Kia Davis, Executive Assistant
Leo’s Bagels, Financial Disrict: “I am not a huge bagel fan but, since I’ve been here my coworkers have introduced me to some very good bagels from Leo’s, not too far from the office. I’ve been there a few times and I think slowly but surely converting. My favorite bagel to get is an everything bagel toasted with plain cream cheese.”
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Talya Zax, Deputy Culture Editor
(The erstwhile) Nagel’s Bagels, Crown Heights: “For a couple years the pleasure of my life was my Sunday pumpernickel everything with whitefish at Nagel’s Bagels on Lincoln road. Yes, the store was always weirdly filled with smoke; yes, the bagels were looked down on by certain Manhattanites. But they were just dense enough, with wonderful strong-but-not-tough crusts, and they were mine. Then Nagel’s closed with no warning — one weekend the grate stayed down over the store, and that was it. My neighborhood has low bagel density, so now I am forced to go to Bergen Bagel. It is smoke-free, but it will never have my heart.”
Alyssa Fisher, News Writer & Audience Engagement Associate
Knickerbocker Bagel, Bushwick: “I moved to Brooklyn two years ago this month, and that first weekend I eagerly scrolled Yelp for a true New York bagel shop. I found it around the corner from my empty apartment at Knickerbocker Bagel, and I was instantly hooked. I didn’t realize how deprived I was living in Florida, with its thin, crunchy bagels that weren’t ordered alone, but rather came as a side dish to an egg platter. At Knickerbocker Bagel, I learned what a bagel should be like: warm, with a fluffy center and perfectly browned crust. My first order, a sesame bagel lightly toasted — sorry! — with lox spread, became my staple. Expect a long line, but boy, it’s worth it. (I even wrote a little ode to it.)”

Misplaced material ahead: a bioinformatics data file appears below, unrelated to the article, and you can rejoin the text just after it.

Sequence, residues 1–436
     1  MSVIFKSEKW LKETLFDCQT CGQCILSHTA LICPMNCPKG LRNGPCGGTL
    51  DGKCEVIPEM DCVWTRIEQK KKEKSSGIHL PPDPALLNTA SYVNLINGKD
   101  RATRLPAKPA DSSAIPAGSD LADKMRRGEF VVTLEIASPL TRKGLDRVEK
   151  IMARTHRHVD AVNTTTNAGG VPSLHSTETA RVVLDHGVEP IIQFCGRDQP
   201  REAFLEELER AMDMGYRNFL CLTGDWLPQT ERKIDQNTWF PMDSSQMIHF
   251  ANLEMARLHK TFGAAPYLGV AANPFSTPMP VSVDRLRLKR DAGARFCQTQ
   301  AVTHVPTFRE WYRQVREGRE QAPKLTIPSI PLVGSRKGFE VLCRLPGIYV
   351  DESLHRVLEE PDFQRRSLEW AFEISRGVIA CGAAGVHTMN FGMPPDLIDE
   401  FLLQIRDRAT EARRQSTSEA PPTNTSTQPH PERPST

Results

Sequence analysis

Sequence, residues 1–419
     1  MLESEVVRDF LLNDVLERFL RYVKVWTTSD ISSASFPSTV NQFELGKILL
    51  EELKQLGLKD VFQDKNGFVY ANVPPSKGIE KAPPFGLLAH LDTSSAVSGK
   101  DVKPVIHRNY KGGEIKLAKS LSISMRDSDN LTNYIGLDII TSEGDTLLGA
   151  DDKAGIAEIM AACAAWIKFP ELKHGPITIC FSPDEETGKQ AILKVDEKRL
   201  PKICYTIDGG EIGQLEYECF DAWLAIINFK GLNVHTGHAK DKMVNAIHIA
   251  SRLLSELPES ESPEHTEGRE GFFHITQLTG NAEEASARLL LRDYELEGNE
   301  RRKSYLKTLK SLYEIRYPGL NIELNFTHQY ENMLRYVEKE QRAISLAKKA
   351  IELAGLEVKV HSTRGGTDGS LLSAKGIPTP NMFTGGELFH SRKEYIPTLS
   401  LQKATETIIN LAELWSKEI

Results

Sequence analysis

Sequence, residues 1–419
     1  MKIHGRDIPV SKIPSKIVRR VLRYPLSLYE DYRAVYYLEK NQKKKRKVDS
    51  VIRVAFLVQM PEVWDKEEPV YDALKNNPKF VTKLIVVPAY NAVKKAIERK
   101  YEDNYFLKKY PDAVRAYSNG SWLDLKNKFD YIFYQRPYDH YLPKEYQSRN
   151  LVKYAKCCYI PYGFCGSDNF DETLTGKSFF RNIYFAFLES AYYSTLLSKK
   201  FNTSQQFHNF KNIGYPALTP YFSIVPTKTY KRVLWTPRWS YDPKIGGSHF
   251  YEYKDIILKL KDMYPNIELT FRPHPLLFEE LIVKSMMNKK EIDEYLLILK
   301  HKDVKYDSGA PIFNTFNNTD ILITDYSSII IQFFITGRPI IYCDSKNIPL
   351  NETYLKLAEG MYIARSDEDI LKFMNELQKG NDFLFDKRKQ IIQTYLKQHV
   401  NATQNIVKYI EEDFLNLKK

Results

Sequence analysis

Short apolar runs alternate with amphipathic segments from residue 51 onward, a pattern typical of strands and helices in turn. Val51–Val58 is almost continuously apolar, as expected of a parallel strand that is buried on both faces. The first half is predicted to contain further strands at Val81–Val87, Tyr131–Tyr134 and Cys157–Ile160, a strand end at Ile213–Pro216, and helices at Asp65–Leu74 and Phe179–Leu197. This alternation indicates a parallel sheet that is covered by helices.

Too Jay’s, Fort Lauderdale, Fla.: “In Florida, bagels alone aren’t breakfast. They’re thin, crunchy and come in a plastic bin next to your eggs or pancakes (seriously), and you have to schmear it yourself. However, it’s what we know and we love it. But going to Too Jay’s was always a treat — their bagels beat all the other delis and diners in South Florida.”
Irene Katz Connelly, Audience Engagement Intern
H&H bagels, Upper East Side: “When my parents were dating, my father came into New York City from New Jersey every weekend and brought my mother bagels from H&H. I myself have never eaten an H&H bagel, but given how difficult it is these days to induce my father to come to New York (“the parking!”) they must be good.”